Mooney Goes Wild, Sunday June 25th 2017
On Mooney Goes Wild tonight...
There are few sights more beautiful to behold in nature, than the graceful, elegant swan. An ethereal vision of purity and dignity, this great white bird has been a source of inspiration to poets, writers, musicians and artists throughout time. Swans are seen as romantic symbols of love and fidelity around the world, because when they mate, they mate for life. These majestic creatures hold a key place in ancient Irish tales such as The Children of Lir, in Greek mythology in stories such as Leda and the Swan. They’ve inspired some of our greatest poets such as William Butler Years, as well as the composer of one of the most romantic and beloved ballets of all time, Tchaikovsky and his classic masterpiece, Swan Lake.
Altogether, there are seven species of swan, and in Ireland, we have three which occur naturally: the Mute Swan (which is resident here), as well as the Whooper Swan and the Bewick’s Swan, which are both migratory.
Another particular favourite is the Trumpeter swan, the biggest swan in the world and, as its name suggests, it trumpets triumphantly with a haunting and most distinctive call.
A Trumpeter Swan takes flight; photo: Skeeze / Pixabay
The Trumpeter’s story is a dramatic one. Hunting and trapping drove these birds to the edge of extinction in the southern United States. In 1932, they numbered just 69 birds, with an estimated 2,000 more in Alaska. Mercifully, three years later, a reserve was established and slowly numbers began to increase and the birds were transported to areas such as Oregon, Nevada and South Dakota to be reintroduced to some of their old haunts.
However, one rather odd problem remained. The baby Trumpeters are taught their migration routes by their parents - but when birds are transported to new or, in this case, old locations, they miss the geography lesson and so have no idea where they should go at migration time. As a result, they frequently fly off in the most inappropriate directions.
Dr. Sladen feeds Sur le Toit, star of "Fly Away Home." (Gerald Martineau/The Washington Post)
At Airlie in Virginia, a revolutionary technique was introduced, with newly fledged Trumpeters being trained to fly behind micro-light aircraft. In 2001, our very own Dr. Richard Collins visited Airlie to learn more about how micro-lights were working as surrogate parents. There, Richard talked to Dr Bill Sladen, who was the director of the Trumpeter Swan project. Bill's work inspired the 1996 Hollywood movie Fly Away Home, on which he acted as Technical Advisor:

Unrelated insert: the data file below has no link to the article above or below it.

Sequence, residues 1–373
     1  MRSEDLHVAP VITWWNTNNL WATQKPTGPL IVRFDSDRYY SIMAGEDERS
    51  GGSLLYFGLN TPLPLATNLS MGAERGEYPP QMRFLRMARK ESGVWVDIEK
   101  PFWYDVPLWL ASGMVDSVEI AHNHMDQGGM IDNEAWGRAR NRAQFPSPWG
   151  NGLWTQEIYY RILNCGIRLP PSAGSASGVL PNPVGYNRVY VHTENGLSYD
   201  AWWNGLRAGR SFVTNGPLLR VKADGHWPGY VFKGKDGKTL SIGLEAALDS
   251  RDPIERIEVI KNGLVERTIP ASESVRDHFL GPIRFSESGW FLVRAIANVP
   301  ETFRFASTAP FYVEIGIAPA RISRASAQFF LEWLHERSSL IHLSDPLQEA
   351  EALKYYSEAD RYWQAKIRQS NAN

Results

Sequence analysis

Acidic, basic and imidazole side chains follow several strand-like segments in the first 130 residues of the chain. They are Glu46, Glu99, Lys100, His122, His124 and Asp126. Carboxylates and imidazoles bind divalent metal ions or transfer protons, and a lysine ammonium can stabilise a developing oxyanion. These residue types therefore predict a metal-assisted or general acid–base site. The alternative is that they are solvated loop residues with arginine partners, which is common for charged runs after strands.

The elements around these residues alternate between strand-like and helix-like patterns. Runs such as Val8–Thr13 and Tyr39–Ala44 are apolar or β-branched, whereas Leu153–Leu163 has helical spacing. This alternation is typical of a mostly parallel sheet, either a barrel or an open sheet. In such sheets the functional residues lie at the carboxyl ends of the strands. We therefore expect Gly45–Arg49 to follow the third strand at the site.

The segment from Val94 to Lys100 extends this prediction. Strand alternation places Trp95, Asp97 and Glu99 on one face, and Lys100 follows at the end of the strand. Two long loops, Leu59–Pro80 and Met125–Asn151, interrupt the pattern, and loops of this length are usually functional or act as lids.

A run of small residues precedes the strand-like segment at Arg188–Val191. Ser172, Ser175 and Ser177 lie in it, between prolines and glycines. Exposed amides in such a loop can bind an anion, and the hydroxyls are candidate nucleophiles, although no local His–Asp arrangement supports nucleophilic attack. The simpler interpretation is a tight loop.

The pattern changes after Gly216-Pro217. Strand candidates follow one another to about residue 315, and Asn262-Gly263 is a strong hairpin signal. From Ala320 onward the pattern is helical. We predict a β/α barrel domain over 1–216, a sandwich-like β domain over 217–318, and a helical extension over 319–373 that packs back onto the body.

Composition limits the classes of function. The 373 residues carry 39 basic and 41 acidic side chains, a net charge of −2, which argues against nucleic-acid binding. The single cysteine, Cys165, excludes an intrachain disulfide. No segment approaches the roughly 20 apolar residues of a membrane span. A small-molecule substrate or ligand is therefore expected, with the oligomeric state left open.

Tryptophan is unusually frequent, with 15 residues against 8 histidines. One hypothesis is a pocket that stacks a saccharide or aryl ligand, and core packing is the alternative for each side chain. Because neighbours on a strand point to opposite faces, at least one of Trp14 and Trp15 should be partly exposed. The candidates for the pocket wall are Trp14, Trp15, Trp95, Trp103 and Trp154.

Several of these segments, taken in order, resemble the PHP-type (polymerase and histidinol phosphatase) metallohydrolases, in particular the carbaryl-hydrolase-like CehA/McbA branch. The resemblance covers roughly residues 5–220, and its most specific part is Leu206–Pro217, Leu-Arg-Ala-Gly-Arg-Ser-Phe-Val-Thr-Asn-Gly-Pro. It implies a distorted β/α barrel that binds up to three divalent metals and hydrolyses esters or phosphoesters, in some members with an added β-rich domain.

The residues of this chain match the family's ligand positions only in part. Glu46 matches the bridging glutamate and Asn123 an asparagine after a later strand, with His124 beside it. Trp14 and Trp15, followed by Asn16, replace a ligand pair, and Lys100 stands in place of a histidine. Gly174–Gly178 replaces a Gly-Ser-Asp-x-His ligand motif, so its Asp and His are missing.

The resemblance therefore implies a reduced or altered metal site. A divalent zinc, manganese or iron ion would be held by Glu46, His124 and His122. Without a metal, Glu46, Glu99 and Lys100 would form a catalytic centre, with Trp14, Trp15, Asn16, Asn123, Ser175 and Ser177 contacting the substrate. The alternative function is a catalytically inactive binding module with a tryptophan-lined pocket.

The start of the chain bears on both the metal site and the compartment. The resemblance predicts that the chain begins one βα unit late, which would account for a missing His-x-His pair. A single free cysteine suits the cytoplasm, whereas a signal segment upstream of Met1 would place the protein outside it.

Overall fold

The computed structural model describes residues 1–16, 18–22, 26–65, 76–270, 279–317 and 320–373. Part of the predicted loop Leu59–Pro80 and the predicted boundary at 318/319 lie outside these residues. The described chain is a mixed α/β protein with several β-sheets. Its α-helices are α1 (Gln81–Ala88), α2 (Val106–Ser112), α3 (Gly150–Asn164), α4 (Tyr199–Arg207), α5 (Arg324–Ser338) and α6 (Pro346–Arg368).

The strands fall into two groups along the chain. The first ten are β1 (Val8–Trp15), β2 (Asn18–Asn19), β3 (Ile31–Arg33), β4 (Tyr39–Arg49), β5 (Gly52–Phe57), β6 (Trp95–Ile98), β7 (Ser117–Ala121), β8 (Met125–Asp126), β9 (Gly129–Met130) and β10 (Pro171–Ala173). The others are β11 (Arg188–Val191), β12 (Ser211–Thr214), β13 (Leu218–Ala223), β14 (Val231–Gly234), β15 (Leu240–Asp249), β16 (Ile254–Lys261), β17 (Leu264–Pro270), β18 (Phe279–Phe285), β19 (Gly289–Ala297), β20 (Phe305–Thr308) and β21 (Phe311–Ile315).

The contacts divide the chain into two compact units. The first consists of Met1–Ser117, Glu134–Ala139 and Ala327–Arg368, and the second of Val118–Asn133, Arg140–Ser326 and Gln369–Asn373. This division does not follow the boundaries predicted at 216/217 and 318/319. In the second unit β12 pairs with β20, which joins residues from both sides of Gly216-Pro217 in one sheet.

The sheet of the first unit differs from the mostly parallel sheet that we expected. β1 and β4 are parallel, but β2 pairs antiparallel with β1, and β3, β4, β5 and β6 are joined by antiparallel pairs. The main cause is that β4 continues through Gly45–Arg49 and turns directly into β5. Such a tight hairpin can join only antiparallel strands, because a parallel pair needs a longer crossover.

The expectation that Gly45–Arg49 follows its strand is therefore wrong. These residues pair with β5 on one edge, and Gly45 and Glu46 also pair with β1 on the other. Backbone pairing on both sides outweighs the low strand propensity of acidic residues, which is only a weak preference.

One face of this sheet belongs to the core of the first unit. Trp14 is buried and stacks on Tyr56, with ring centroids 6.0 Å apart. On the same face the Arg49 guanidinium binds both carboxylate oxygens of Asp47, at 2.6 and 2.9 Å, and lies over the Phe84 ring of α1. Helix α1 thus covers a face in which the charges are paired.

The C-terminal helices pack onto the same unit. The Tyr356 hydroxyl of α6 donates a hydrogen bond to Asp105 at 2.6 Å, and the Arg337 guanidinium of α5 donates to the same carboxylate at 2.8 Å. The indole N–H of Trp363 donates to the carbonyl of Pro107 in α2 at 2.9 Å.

But there has been some very sad news: we’ve recently heard that on May 29th this year, just a few weeks ago, Bill Sladen passed away at his home in Warrenton, Virginia, in May at the impressive age of 96 years...
Tonight, we pay tribute to the pioneering work of Bill Sladen, as Derek and Richard muse in Malahide, in the company of a bevy of mute swans...
Richard beside the mute swans of Malahide...
To read more about Bill Sladen's work on trumpeter swans and microlight surrogates, click here, and to read The Washington Post's obituary of Bill Sladen, click here.
About the documentary The Trumpeter Swan:
(2001) Swan doctor, Richard Collins, travels to North America to view the 'Trumpeter' swan. The Trumpeter is the largest swan in the world and the heaviest flying animal. An all-white bird with a black bill and a black eye, it lives in the wilderness of sub-arctic North America, particularly in Alaska.
In the programme Richard Collins visits Airlie and talks to Dr. Bill Sladen, director of the Trumpeter Swan project, and his dedicated staff. He also talks to the 'swan-mammas' who dress up in white suits before approaching the swans (so that the birds retain their fear of people) and the pilot (also dressed up for the occasion) who takes to the skies each day with his swan trainees.